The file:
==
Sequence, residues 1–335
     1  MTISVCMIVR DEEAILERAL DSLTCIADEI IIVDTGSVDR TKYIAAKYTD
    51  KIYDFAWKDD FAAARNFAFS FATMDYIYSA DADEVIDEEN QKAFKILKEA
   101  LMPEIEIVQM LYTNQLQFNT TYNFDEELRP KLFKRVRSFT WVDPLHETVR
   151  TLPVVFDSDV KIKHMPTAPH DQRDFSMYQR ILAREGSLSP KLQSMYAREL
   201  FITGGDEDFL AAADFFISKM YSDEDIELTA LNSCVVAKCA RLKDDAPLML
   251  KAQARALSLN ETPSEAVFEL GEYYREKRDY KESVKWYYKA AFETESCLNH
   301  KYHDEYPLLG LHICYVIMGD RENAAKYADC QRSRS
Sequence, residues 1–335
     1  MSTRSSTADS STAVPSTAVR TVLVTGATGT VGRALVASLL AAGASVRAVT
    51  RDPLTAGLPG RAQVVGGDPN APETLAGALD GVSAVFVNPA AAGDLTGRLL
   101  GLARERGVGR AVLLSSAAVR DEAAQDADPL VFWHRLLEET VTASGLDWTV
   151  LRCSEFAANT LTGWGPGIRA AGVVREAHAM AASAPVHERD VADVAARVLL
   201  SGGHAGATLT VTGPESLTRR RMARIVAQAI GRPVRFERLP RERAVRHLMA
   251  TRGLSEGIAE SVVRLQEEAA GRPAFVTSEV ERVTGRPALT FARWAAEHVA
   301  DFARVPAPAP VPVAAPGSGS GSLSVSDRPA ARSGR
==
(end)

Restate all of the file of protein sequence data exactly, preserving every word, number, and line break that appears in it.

Sequence, residues 1–335
     1  MTISVCMIVR DEEAILERAL DSLTCIADEI IIVDTGSVDR TKYIAAKYTD
    51  KIYDFAWKDD FAAARNFAFS FATMDYIYSA DADEVIDEEN QKAFKILKEA
   101  LMPEIEIVQM LYTNQLQFNT TYNFDEELRP KLFKRVRSFT WVDPLHETVR
   151  TLPVVFDSDV KIKHMPTAPH DQRDFSMYQR ILAREGSLSP KLQSMYAREL
   201  FITGGDEDFL AAADFFISKM YSDEDIELTA LNSCVVAKCA RLKDDAPLML
   251  KAQARALSLN ETPSEAVFEL GEYYREKRDY KESVKWYYKA AFETESCLNH
   301  KYHDEYPLLG LHICYVIMGD RENAAKYADC QRSRS
Sequence, residues 1–335
     1  MSTRSSTADS STAVPSTAVR TVLVTGATGT VGRALVASLL AAGASVRAVT
    51  RDPLTAGLPG RAQVVGGDPN APETLAGALD GVSAVFVNPA AAGDLTGRLL
   101  GLARERGVGR AVLLSSAAVR DEAAQDADPL VFWHRLLEET VTASGLDWTV
   151  LRCSEFAANT LTGWGPGIRA AGVVREAHAM AASAPVHERD VADVAARVLL
   201  SGGHAGATLT VTGPESLTRR RMARIVAQAI GRPVRFERLP RERAVRHLMA
   251  TRGLSEGIAE SVVRLQEEAA GRPAFVTSEV ERVTGRPALT FARWAAEHVA
   301  DFARVPAPAP VPVAAPGSGS GSLSVSDRPA ARSGR